Local Politics Again in Peril | KCET
Local Politics Again in Peril
As a budget-cutting measure, Mayor Antonio Villaraigosa is expected to fold the Department of Neighborhood Empowerment (DONE) into another city agency, and the system of Neighborhood Councils that depends on the agency for support is up in arms.
From a Daily News report on the plan to fold DONE into the Community Development Department:
Al Abrams, vice chair of the Board of Neighborhood Councils, sent out an open letter over the weekend warning of the impact of the action, especially taking money away from Neighborhood Council elections.
"Their goal: Take the balance of money that is left in the elections account and leave the NCs to `do their own thing,"' Abrams wrote. "They're hiding behind the statements of `giving back the elections to the Neighborhood Councils.' This is a false and insincere attempt to gut the NC system.
"The truth is this will be disastrous for NCs. Without a staffed department there to help them, which is about to be `scrubbed clean' and without any funding for any elections, NCs will be left out in the cold to fend for themselves."
The Neighborhood Councils have been part of L.A. government for over a decade now, and have had some impact on local politics, especially regarding the Department of Water and Power: A 2004 Daily News report on the Neighborhood Councils rising against a DWP rate increase.
Attorney Noel Weiss says that Villaraigosa can't even legally perform this sort of restructuring of city government as easily as he wants to:
the transfer of the powers or duties of a Department created under the Charter to another Department, office, or Board must follow the protocol set out in Section 514 of the Charter.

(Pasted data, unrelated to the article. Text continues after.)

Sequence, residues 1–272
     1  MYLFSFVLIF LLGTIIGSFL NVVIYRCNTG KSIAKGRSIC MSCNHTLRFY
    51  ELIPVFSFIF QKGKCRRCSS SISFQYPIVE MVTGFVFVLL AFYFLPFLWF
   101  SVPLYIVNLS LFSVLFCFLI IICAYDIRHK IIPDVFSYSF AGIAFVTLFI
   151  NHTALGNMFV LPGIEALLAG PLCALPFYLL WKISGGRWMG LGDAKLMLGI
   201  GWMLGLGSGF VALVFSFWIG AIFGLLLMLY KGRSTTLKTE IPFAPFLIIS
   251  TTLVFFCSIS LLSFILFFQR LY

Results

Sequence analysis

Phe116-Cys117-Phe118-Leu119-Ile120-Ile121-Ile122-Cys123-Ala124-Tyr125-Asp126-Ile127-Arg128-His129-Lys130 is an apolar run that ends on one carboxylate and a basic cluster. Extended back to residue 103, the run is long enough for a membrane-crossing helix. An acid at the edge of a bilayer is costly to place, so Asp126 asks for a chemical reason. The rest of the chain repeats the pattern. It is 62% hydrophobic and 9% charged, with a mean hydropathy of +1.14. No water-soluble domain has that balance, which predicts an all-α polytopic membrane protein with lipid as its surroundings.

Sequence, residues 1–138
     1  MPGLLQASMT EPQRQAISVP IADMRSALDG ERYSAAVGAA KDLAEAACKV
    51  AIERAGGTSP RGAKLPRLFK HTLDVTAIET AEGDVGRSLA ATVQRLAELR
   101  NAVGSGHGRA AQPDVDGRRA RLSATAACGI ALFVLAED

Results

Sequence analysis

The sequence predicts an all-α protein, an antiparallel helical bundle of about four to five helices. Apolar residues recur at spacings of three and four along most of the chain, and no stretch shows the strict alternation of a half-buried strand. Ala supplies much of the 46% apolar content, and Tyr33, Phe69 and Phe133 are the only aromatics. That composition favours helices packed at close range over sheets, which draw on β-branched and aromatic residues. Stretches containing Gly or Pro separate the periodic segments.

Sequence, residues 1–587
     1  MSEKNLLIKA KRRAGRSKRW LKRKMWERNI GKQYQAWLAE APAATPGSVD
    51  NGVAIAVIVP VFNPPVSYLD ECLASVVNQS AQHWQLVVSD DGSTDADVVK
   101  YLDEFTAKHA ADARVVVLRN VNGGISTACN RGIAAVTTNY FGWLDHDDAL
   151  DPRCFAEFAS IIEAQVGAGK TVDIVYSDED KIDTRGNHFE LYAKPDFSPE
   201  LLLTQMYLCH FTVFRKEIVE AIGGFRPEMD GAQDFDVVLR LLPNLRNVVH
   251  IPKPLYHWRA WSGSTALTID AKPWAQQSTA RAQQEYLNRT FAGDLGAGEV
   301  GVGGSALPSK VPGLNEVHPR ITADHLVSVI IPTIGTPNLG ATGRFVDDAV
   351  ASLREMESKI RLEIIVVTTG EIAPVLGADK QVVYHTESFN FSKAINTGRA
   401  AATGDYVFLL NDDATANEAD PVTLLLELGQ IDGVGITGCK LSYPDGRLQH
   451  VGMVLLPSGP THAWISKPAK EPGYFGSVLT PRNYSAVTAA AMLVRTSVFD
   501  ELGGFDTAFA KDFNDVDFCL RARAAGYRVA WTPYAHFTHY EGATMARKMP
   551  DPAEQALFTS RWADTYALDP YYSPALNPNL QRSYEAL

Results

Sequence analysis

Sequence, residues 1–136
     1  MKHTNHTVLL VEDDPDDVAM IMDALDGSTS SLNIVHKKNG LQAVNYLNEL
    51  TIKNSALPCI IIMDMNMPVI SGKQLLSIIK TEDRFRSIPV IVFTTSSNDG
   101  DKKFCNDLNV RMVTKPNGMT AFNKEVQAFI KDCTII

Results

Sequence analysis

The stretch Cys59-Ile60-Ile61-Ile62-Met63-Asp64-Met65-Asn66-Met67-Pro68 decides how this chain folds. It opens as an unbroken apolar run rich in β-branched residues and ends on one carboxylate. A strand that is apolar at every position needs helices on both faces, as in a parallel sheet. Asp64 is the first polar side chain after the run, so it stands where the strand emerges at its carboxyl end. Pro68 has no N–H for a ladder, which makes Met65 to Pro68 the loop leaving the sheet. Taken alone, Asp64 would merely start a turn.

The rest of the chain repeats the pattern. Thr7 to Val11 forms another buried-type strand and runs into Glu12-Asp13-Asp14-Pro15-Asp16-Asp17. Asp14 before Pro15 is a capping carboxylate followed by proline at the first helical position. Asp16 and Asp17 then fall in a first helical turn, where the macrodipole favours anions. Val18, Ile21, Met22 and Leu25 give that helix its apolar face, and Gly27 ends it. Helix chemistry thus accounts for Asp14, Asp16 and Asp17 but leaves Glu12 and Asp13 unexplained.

There are very strict requirements to be followed. It does not appear the Mayor has come close to following them in (post-haste) moving DONE's functions into CDD (a Department created under Ordinance).
Nothing can be done officially or lawfully without first having the City Council consider the Mayor's proposal (and it has to be a detailed proposal, accompanied by proposed Ordinances and budgetary transfer instructions); whereupon the Council must either reject, accept, or modify the Mayor's suggested change within 45 days. If the Council does not act, then, and only then does the Mayor's proposal go into effect.
Ron Kaye sees the move as part of a concerted effort to cripple citizen power against feckless and corrupt city government:
Today, NCs, homeowner and resident groups and others active in community life form hundreds of cells of energy creating a new LA. They have come together to create something greater than themselves, something most of them don't yet fully realize has happened. They are a force that counter-balances the special interests that run City Hall, a force to be reckoned with, a force to be feared.
So the response of the Mayor and Council is to crush them.
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